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Mark Twain's Huckleberry Finn is an adventure story, a coming of age book, and a satire. Throughout the entire book, Huck tells of his adventures in town, with his pap, and traveling down the river with Jim. Huck wrestles with his conscience on the rights and wrongs of racism and slavery, showing the coming forth of a new generations new way of thinking. And Twain satirizes many aspects of society: religion, romanticism, small towns, ideals of the time, and many others. Huck is wrestling with a moral crisis, whether of not to turn Jim in for running away from Miss Watson.
This internal conflict is also ironic because Huck knows the right thing to do would be to turn Jim in, but he likes him so much that he is forced to go against society and help Jim. Huck and Jim becomes much more than just companions traveling down a river, they become friends. Jim also takes on a fatherly role to Huck, trying to protect him, such as when he prevents Huck from seeing his paps dead body. Huck and Jim also form a bond because both are working towards the same goal: freedom. The raft and the river have very important meanings to both Huck and Jim. To them, this is the only way to escape a society neither fits in to.
They also represent a certain amount of security for the two runaways. Being on the raft in the river, they feel safe, they are in control of their own destiny, not by another person. The shore, to Huck, means civilization, a thing he so desperately tries to escape. Huck knows that on shore, if he is caught, he will not be in control of his life and live as he pleases.
He will have to bathe, dress nice, eat right, go to church and school, and obey adults. To Jim the shore represents captivity in a way differently from Huck. Jim will have to become a slave again and continue being separated from his family. Twain satirizes many aspects of society. The whole idea of blacks being dumb and inferior to whites is being repeatedly pointed out so as to show exactly how people really thought and acted years ago.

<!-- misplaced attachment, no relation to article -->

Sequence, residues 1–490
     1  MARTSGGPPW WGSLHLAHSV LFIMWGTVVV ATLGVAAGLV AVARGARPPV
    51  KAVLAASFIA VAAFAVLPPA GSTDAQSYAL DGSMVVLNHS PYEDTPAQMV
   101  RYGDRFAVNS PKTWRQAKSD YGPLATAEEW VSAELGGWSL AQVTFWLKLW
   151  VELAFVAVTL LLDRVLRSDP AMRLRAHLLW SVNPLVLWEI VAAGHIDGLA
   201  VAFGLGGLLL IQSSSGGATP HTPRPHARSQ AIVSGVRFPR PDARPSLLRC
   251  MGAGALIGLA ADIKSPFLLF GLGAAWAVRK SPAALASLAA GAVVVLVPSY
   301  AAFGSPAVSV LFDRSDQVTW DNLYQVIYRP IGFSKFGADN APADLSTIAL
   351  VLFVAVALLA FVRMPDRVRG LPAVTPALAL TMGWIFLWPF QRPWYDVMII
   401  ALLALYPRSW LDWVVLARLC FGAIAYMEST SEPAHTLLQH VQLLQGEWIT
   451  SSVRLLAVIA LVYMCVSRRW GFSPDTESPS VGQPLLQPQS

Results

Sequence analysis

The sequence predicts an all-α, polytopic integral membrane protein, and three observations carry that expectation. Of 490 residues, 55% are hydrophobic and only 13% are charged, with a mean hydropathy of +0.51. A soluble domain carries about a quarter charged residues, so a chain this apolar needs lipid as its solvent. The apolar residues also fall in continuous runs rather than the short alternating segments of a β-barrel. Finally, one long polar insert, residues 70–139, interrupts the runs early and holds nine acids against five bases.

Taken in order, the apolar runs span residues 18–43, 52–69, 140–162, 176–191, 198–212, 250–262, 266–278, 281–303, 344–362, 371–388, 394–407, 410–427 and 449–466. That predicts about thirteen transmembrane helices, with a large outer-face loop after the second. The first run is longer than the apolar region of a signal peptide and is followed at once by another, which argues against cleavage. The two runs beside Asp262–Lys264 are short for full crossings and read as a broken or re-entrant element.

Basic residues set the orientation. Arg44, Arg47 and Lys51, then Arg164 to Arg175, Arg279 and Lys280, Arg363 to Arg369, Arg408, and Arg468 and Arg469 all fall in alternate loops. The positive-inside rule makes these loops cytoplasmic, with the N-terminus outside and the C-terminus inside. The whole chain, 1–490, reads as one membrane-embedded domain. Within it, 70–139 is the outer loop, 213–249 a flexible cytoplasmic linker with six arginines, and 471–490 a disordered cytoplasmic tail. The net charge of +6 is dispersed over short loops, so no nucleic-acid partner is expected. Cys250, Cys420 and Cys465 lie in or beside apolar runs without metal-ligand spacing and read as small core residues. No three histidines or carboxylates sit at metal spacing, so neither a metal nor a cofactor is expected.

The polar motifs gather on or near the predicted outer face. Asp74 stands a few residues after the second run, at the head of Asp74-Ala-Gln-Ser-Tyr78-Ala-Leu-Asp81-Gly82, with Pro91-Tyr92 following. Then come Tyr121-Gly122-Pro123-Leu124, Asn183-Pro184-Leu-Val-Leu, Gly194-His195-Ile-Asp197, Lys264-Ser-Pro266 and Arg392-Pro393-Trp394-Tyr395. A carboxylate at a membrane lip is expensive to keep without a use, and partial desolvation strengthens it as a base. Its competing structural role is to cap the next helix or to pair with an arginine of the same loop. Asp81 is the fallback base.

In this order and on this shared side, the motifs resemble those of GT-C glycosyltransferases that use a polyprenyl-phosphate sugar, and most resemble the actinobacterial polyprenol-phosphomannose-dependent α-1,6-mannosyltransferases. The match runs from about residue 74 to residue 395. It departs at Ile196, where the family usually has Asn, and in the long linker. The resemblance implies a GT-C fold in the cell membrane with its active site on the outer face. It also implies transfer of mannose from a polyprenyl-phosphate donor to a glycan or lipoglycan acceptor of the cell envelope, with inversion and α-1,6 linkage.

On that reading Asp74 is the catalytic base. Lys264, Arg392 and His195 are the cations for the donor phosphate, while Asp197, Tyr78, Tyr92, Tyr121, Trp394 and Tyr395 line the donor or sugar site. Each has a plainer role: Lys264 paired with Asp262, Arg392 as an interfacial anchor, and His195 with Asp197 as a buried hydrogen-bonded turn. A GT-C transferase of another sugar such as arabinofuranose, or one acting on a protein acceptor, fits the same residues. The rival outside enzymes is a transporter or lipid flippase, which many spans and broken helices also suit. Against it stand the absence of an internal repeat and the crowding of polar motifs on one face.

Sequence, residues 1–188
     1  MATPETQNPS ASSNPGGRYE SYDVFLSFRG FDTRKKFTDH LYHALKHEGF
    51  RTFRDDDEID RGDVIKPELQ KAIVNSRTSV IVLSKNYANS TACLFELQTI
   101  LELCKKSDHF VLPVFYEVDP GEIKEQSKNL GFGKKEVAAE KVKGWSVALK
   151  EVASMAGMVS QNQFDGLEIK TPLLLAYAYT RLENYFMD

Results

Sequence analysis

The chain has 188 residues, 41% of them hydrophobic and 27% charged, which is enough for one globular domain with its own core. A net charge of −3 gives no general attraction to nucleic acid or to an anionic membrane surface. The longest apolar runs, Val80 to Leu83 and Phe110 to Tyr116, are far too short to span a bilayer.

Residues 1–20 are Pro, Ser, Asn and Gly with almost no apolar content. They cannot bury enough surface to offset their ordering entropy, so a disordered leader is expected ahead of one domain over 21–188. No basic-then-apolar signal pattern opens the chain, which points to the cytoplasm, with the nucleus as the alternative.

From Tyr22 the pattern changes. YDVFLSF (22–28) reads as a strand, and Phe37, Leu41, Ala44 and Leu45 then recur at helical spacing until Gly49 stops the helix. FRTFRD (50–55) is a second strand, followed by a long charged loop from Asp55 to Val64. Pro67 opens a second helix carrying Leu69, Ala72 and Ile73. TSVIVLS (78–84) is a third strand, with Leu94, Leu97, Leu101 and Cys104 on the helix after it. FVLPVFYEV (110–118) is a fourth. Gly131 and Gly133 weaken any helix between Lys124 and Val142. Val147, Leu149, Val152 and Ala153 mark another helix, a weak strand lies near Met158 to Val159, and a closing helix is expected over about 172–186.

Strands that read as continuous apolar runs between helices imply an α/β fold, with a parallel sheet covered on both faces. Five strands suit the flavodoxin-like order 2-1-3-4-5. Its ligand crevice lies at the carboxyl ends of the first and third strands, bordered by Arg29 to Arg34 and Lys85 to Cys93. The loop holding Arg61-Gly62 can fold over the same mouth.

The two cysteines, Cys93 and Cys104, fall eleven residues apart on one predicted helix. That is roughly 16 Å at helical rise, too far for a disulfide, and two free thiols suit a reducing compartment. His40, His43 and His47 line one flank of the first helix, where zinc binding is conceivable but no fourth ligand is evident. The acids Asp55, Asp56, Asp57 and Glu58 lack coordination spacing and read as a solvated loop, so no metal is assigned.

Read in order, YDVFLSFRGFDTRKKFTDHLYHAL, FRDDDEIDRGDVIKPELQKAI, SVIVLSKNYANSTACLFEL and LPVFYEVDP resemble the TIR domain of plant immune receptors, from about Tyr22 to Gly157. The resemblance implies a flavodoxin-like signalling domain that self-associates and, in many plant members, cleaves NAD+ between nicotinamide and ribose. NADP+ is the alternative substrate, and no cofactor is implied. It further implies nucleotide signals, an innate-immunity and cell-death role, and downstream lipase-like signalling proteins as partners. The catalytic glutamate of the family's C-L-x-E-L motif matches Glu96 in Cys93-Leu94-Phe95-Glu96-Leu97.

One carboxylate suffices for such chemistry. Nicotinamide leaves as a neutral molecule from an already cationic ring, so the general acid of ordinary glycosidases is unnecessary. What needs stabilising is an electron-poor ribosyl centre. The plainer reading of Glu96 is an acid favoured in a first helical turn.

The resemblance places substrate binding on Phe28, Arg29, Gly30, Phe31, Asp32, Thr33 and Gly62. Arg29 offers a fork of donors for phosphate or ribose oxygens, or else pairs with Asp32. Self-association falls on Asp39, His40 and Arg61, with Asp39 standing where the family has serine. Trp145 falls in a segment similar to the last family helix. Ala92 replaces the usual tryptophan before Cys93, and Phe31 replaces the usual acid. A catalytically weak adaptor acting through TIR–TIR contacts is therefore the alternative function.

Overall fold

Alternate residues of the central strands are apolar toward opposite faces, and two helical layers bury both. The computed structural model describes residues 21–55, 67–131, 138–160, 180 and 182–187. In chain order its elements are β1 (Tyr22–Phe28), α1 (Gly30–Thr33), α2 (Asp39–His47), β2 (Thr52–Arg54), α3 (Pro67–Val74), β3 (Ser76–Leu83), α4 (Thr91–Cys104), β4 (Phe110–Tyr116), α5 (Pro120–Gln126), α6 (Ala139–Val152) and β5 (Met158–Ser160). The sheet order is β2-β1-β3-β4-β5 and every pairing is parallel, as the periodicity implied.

Twain makes Jim into a very noble and trustworthy person, showing the contrast from what people thought about slaves and how they actually were. The feud between the Grangerfords and Shepardsons is a satirizing the small towns and farming families of the time. The two families bring their guns to church and their own children do not even know what the feud is about. The running away of opposing son and daughter is a play off of Romeo and Juliet, the feud ending with everyone being killed. Huckleberry Finn was very enjoyable and easy to read. Though highly controversial to some, I believe it is a wonderful portrayal of the times it was set and that it is necessary to show exactly what blacks went through in a time none of us were a part of.
It also goes beyond that to the inner conflicts of a young boy wrestling between society and his own feelings, showing the changes that were beginning to happen in the new generation. Bibliography:
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